Thursday, April 8, 2010

Confessions of a Greek Canadian Skeptic

It was all over the news last night. Canada to lead growth in G7 nations, OECD says:
Canada's economic growth will outpace those of other G7 countries by a wide margin in the first half of the year, the Organization for Economic Development and Co-operation says in a new forecast. The OECD report released yesterday pegged first-quarter growth in Canada at 6.2 per cent on an annualized basis and forecast the economy would expand by 4.5 per cent in the second quarter. The group forecast overall growth among the G7 nations would slow in the first two quarters as government stimulus programs run their course and the jobs market remain fragile. Growth in the United States was forecast at 2.4 per cent in the first quarter and 2.3 per cent in the second.
Sure enough, I went onto the OECD website, watched the webcast of the press conference and read the OECD’s latest Interim Economic Assessment. There it was on page 16, Canada will lead the G7 economies:

(click on image to enlarge)

Immediately I thought to myself what are these OECD economists smoking? Last year, they were more pessimistic than private sector forecasters on Canada, and now all of a sudden, they're very bullish on Canada.

Forget the fact that the Canadian dollar is hovering around parity, and might pass parity as early as Friday when Statistics Canada releases March employment numbers. The Bank of Canada has repeatedly warned that the appreciation of the CAD will hamper growth.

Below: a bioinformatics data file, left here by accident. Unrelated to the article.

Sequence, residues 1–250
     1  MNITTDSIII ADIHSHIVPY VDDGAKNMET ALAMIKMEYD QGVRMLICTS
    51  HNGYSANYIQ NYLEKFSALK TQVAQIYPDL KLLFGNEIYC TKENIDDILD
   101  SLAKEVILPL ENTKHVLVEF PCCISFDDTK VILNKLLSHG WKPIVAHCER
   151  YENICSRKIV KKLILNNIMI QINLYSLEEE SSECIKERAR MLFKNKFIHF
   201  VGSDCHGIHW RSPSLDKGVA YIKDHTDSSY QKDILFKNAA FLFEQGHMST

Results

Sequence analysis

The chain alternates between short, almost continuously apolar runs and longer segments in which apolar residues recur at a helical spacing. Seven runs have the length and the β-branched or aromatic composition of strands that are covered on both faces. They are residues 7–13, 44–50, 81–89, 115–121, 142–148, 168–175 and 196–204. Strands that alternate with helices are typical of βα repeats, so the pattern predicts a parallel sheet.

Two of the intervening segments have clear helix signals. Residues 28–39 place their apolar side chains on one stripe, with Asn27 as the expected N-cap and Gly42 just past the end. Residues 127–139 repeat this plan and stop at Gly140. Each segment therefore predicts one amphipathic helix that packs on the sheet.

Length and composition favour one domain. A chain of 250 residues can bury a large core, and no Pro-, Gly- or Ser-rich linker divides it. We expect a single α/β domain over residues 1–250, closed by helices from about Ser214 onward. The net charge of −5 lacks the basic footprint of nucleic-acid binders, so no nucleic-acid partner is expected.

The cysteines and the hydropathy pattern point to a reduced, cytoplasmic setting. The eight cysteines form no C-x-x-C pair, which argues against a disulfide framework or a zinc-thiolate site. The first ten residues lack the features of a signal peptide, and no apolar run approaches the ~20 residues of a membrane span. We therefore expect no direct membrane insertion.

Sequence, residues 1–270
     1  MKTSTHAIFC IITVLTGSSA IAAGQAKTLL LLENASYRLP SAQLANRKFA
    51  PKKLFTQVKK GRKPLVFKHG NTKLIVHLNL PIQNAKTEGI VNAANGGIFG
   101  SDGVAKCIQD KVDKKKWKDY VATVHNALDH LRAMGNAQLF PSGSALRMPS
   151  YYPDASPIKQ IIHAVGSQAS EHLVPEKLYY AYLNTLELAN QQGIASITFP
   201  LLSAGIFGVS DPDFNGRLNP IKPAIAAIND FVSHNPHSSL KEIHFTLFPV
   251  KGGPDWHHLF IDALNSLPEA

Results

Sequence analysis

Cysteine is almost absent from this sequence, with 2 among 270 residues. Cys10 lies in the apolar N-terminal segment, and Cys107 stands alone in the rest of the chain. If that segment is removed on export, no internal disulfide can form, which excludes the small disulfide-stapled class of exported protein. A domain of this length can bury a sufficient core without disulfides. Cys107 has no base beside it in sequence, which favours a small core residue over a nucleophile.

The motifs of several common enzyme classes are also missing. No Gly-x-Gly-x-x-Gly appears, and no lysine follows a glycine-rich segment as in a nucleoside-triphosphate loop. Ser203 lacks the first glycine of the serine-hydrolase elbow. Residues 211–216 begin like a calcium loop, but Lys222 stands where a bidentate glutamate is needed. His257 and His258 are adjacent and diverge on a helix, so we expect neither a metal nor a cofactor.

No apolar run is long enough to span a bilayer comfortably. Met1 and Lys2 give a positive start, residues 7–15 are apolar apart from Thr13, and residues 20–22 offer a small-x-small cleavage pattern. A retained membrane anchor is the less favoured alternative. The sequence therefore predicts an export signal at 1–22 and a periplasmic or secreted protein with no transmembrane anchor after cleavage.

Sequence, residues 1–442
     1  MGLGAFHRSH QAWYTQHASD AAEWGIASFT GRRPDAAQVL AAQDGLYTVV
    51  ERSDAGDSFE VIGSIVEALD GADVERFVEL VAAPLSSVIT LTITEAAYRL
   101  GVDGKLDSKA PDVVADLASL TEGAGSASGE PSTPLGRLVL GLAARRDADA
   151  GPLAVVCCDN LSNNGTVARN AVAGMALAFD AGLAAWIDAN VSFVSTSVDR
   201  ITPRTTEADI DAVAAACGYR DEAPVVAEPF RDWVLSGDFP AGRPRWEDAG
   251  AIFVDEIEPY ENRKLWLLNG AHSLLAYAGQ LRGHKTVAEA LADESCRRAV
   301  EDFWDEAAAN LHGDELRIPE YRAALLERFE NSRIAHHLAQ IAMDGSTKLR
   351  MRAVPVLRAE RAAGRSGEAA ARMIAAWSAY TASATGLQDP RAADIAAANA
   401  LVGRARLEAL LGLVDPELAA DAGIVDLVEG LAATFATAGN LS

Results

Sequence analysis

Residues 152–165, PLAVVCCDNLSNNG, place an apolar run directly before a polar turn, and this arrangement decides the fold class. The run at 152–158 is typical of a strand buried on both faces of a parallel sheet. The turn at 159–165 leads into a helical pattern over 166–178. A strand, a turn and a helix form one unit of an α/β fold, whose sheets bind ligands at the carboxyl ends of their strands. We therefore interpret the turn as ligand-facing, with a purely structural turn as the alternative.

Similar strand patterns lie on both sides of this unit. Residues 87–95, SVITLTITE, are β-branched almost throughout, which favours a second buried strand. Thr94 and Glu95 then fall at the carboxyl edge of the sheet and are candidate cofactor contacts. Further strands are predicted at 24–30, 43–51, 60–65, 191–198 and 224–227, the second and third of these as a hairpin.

But so far, it hasn't hampered growth. In fact, the latest CFIB Business Barometer report states that national small business confidence is at its highest in five years:
Business confidence among Canada’s small and medium-sized businesses continues to build on the momentum that has thus far characterized 2010. According to the latest business confidence survey findings from the Canadian Federation of Independent Business (CFIB), the Business Barometer index rose to 69.9 in March– its highest level in half a decade.

Ted Mallett, CFIB’s vice-president of research and chief economist, says that this level of optimism is consistent with a healthy, sustained economic growth rate of about 4 per cent, which suggests Canada’s strong economic rebound to date will continue.

“In a truly rare development, business confidence is highest in the retail sector (72.9), followed closely by wholesale (72.5) – suggesting that the consumer economy is powering forward and being spurred by low interest rates,” explained Mallett, adding that “manufacturers (71.8) are in positive stead despite a spirited loonie, and the rebound of confidence in the natural resources sector will be music to the ears of western economies.”

Although the farming and hospitality sectors are reporting lower than average levels of optimism, their seasonal dependence means that yearly performance will not be defined until the mid part of 2010.
Confidence is showing up everywhere, especially in Canada's red hot residential real estate market. The Governor of the Bank of Canada, Mark Carney, recently stated that Canada's housing market is not in a price bubble, but a new survey finds that some of the major markets may have become overheated:

The average prices for all key housing types rose more than 10 per cent on a national basis in the first quarter of this year, according to the Royal-Lepage House Price Survey.

BNN's Pat Boland said the numbers in Thursday's report point away from the idea that Canada is experiencing a housing bubble.